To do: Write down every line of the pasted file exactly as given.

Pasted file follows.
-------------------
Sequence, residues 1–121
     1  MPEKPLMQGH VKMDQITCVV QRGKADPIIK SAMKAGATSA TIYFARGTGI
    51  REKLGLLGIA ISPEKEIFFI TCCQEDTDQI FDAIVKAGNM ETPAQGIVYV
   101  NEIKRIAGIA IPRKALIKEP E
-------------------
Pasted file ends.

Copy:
Sequence, residues 1–121
     1  MPEKPLMQGH VKMDQITCVV QRGKADPIIK SAMKAGATSA TIYFARGTGI
    51  REKLGLLGIA ISPEKEIFFI TCCQEDTDQI FDAIVKAGNM ETPAQGIVYV
   101  NEIKRIAGIA IPRKALIKEP E